• Clauses granting coverage should be construed broadly and clauses excluding coverage construed narrowly.
  • Endorsements to the insurance policy should be read together with the rest of the policy because endorsements are generally not self-contained from rest of the policy.
  • The onus rests on an insurer to establish that an exclusion of coverage applies.

The MVCA had a detailed regulatory regime which the Emonds were required to follow if they rebuilt their home. For example, this could include things such as using a different, more expensive septic system design than what was present prior to the flood.

The Court of Appeal approvingly cited decisions from other provinces which decided against holding insurers responsible for compliance with laws enacted after the property was built or correcting deficiencies and failures to comply with the laws which existed at the time of the loss. There is a reluctance by the courts to turn insurers into guarantors of construction defects and building code violations. Essentially, these types of added costs were not taken into account by the insurer at the outset of the insurance contract and are therefore not covered under the policy.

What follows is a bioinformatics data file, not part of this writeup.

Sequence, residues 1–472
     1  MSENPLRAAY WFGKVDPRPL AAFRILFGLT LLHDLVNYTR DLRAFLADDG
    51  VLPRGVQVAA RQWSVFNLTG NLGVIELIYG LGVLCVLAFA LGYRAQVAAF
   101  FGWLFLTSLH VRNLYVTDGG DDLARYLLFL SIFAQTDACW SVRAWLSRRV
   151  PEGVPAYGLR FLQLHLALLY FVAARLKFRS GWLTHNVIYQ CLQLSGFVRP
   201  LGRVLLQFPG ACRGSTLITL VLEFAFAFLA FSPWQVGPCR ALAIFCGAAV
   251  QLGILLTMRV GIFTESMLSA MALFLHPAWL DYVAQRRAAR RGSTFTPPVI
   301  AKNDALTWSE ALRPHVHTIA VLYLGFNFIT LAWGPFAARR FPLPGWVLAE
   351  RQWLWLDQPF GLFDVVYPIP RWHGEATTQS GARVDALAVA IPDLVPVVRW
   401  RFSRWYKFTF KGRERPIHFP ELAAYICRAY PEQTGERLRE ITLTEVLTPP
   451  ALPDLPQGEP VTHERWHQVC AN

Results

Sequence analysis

The Court of Appeal concluded that the Emonds had coverage for floods as an insured peril and the GRC part of their insurance policy provides coverage to rebuild the property after the flood using similar materials and current building techniques without any deduction for depreciation. However, there was an exclusion for “increased costs” (i.e., those over and above the cost to replace the dwelling as it was, using current building techniques) to comply with “any law”. The phrase “any law” is broad and included by-laws and regulations such as those enforced by the MVCA. Therefore, the Emonds did not have coverage for fixing deficiencies or making enhancements to comply with the MVCA’s by-laws and regulations as they currently exist (beyond a specific $10,000 policy endorsement that was available to them).

It is important to assess your insurance needs on at least an annual basis. Those insuring residential or other properties should consider whether GRC coverage suits their needs, but also whether there are serious potential exclusions that need to be considered. If you find yourself in a dispute with your insurance company, you can contact the litigation lawyers at Perley-Robertson, Hill & McDougall LLP/s.r.l.

This publication is intended as a general discussion of certain legal issues and/or developments and should not be relied upon as legal advice. Should you require legal advice, please kindly contact a member of our law firm.